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Home Archive for category "Best Practices"

“Compensation is an equity issue. People want to know that they are being compensated fairly . . . “

The Overture Group is an executive search firm with an additional specialty in compensation consulting.  We recently heard a presentation by Bob Lindeman and Mark Reilly, both managing directors of that firm.  They reminded us that compensation is (or should be) a strategic issue, not a simple, tactical, what-are-we-gonna-pay-this-person issue.  And our strategy should consider

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“Prioritizing causes us to do things that are, at the least, uncomfortable and sometimes downright painful.”

Setting priorities.  That’s something many entrepreneurs struggle with.  In fact, entrepreneurs are sometimes likened to crows who get distracted by every new shiny thing that comes along.  Unfortunately, this creates confusion as employees try to keep up with ever-shifting priorities.  In other cases, instead of setting priorities vertically with the most important at the top

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“A key to achieving success is to assemble a strong and stable management team.”

Almost everything that gets done in business gets done by teams.  Even the road warrior sales person who is out there, far from the office and hunting his next prey, needs the support of a sales team.  Keynote speaker and best-selling business author, Patrick Lencioni, talks extensively about teams in his book, “The Ideal Team

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“Management is doing things right; leadership is doing the right things.” ~ Peter Drucker

We have used this space to talk about leadership many times in the past, and no doubt, will continue to talk about it in the future.  It is, after all, a critically important topic.  If you go to the business section of a bookstore or a library, you’ll find the shelves are packed with books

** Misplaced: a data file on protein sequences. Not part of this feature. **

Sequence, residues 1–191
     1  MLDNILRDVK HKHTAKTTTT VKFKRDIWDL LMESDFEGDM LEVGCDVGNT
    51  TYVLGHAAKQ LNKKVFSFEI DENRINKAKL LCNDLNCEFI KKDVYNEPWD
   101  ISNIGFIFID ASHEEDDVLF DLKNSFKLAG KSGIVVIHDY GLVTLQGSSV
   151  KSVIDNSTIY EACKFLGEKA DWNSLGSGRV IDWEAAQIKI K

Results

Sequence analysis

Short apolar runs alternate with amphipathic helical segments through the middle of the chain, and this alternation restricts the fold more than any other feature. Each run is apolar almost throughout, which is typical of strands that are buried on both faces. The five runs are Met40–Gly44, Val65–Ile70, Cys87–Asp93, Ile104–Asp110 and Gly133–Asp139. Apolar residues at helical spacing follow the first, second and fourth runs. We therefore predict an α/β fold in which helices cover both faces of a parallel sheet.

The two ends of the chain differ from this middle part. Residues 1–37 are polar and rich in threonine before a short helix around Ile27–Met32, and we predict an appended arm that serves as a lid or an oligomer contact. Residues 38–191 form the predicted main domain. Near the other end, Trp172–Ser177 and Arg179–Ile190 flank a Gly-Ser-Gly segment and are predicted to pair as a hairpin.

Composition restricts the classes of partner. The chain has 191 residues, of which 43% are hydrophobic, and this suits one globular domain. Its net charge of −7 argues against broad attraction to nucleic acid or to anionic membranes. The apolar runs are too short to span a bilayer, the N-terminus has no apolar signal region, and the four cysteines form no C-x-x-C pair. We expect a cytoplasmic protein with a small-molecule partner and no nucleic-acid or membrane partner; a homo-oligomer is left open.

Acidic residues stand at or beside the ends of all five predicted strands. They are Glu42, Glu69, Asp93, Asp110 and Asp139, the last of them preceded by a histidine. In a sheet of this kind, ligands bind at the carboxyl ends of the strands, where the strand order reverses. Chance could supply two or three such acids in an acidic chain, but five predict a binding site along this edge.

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“I found success becomes a catalyst for failure because it leads to what Jim Collins called the ‘undisciplined pursuit of more.’ “

Greg McKeown is a leadership and business consultant, public speaker, and author.  His most recent book is, “Essentialism: The Disciplined Pursuit of Less.”  In that book, he puts forward his very unusual belief that success in business can be its own worst enemy.  In his view, success doesn’t necessarily beget more success.  In fact, an initial success

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Don’t produce a budget. Map out a Profit Plan. (Part II)

We have been talking about an annual planning process.  It began two postings ago when we talked about laying out three to five strategic initiatives aimed at moving the company forward.  Then with our last posting, we began a 2-part discussion on what some call a “budget,” but what we prefer to call a “profit

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Don’t produce a budget. Map out a Profit Plan. (Part 1)

In our last posting, we talked about building an annual plan around three to five strategic initiatives.  We also suggested that you open up your planning process to as many of your employees as possible . . . don’t restrict it to only you and your top managers.  Make your planning process as inclusive as

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“The nicest thing about not planning is that failure always comes as a complete surprise and is not preceded by a period of worry and desperation.”

About this time every year . . . somewhere around the beginning of the 4th quarter . . . is a good time to begin planning for next year.  Unfortunately, planning is not an activity that most small businesses engage in . . . at least, not in any meaningful way.  The owner may have

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Be the gatekeeper of your company’s culture.

During the Great Recession, hiring was not much of a problem because most companies weren’t doing any of it.  Some imposed a hiring freeze, others laid people off.  Now we have the opposite problem: companies want to hire but can’t find the people they want.  Best-selling business author Jim Collins uses the analogy of a

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“No person can get very far in this life on a 40-hour week.”

Working more hours does not make us more productive.  That seems counter-intuitive, but it’s true.  This was demonstrated by many studies conducted from the early 1900s to the 1950s.  In fact, Henry Ford, who was an early adopter of working fewer hours, reduced the work day in his plants from 10 hours to eight, and

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